There is a war going on among grocery retailers—the ‘Freshness War.’ Grocers are acutely aware that the quality and selection of their produce, meat, and dairy sections is the prime determinant of where consumers decide to shop for their groceries. Studies from FMI and others1 show that the quality of produce and meat is a prime reason that people go to a particular store to buy groceries. And these are the highest-margin departments as well.
At the same time, evolving eating habits are putting an increasing emphasis on healthy fresh foods. The critical importance of fresh foods is reflected in the ways grocers market themselves and project their brand image. Witness the explosion of dedicated produce stores and farmers’ markets, ready-to-eat and fresh departments within major grocers, organic and ‘whole food chains,’ and the popularity of cooking, health TV shows, and other proponents of fresh fruits and vegetables and healthy eating. In this article, we will discuss
- Freshness—the Foundation of Competitiveness in Grocery—The changing competitive landscape in grocery, evolving consumer habits and lifestyles, and growing awareness of food safety.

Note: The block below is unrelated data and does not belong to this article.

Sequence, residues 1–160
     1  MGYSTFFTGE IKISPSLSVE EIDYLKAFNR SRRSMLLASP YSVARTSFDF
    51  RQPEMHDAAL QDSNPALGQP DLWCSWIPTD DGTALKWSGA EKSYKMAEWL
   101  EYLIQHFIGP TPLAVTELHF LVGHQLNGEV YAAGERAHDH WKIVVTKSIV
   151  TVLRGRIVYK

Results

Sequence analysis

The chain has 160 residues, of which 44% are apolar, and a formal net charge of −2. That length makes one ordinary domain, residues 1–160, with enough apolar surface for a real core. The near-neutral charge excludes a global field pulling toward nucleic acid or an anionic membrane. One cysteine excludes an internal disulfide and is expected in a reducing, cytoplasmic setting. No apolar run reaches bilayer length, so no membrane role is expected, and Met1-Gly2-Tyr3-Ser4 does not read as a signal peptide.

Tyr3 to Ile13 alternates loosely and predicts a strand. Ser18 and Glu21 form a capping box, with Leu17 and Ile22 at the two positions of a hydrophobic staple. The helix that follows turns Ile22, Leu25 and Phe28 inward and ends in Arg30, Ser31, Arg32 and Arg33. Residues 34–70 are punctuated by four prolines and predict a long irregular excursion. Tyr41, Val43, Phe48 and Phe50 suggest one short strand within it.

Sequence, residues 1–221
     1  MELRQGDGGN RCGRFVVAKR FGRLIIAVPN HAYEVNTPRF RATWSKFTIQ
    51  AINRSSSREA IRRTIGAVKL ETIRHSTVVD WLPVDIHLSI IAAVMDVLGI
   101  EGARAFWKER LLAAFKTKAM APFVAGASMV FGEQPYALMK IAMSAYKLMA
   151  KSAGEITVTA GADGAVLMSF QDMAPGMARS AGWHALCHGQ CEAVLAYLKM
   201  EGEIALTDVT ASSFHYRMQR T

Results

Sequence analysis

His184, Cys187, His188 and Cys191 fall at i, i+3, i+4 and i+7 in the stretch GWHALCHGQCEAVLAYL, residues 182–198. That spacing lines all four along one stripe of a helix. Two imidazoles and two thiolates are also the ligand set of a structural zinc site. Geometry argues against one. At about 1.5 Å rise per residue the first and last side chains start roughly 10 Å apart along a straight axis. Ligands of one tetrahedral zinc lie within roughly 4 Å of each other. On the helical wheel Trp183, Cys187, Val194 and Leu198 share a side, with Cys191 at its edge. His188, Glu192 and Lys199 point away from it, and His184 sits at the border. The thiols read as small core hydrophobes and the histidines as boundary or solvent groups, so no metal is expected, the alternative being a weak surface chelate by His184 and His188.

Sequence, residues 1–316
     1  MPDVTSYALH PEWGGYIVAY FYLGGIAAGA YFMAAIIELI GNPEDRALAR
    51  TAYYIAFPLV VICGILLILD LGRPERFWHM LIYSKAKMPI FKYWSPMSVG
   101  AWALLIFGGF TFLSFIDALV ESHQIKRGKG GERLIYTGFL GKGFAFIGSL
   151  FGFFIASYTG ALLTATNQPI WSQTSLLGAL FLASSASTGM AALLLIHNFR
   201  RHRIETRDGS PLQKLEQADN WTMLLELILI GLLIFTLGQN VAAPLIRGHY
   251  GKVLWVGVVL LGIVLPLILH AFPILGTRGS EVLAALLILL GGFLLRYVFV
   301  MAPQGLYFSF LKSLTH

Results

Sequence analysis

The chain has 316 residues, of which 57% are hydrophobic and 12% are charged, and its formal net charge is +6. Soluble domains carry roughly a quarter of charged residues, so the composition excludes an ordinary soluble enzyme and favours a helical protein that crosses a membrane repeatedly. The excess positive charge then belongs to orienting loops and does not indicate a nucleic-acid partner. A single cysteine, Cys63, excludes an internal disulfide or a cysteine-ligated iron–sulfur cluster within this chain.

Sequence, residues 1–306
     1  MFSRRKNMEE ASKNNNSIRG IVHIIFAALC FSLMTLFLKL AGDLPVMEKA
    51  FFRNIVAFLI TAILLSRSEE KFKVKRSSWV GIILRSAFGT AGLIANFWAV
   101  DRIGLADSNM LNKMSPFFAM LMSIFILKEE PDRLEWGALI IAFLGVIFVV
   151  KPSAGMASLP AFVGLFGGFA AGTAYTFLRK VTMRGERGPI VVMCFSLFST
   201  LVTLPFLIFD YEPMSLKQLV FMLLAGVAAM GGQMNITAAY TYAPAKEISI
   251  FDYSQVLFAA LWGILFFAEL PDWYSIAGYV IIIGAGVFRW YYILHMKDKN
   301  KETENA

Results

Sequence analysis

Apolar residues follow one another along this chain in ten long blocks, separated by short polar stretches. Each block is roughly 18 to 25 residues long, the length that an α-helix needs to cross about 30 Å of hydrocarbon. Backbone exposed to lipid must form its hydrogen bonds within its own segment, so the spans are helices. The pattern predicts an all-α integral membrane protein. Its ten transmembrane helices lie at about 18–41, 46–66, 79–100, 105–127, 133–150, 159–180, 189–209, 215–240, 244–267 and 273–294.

- Challenges in Becoming the Best in Freshness—Challenges introduced by the increasing length and complexity of the fresh foods supply chain and the distributed nature of freshness responsibility; statistics on how big the problem is and how much it costs the grocer.
- Solutions—How an end-to-end approach, monitoring temperature from the field to the retailer’s door, can help reduce spoilage and provide consistent freshness.
- Getting Started—Steps for retailers towards achieving a self-funding freshness improvement initiative.
Although we focus on produce as the examples in this piece, the same overarching challenges, principles, and approaches (with category-specific variations) apply to other fresh food categories such as milk, poultry, fish, and meats.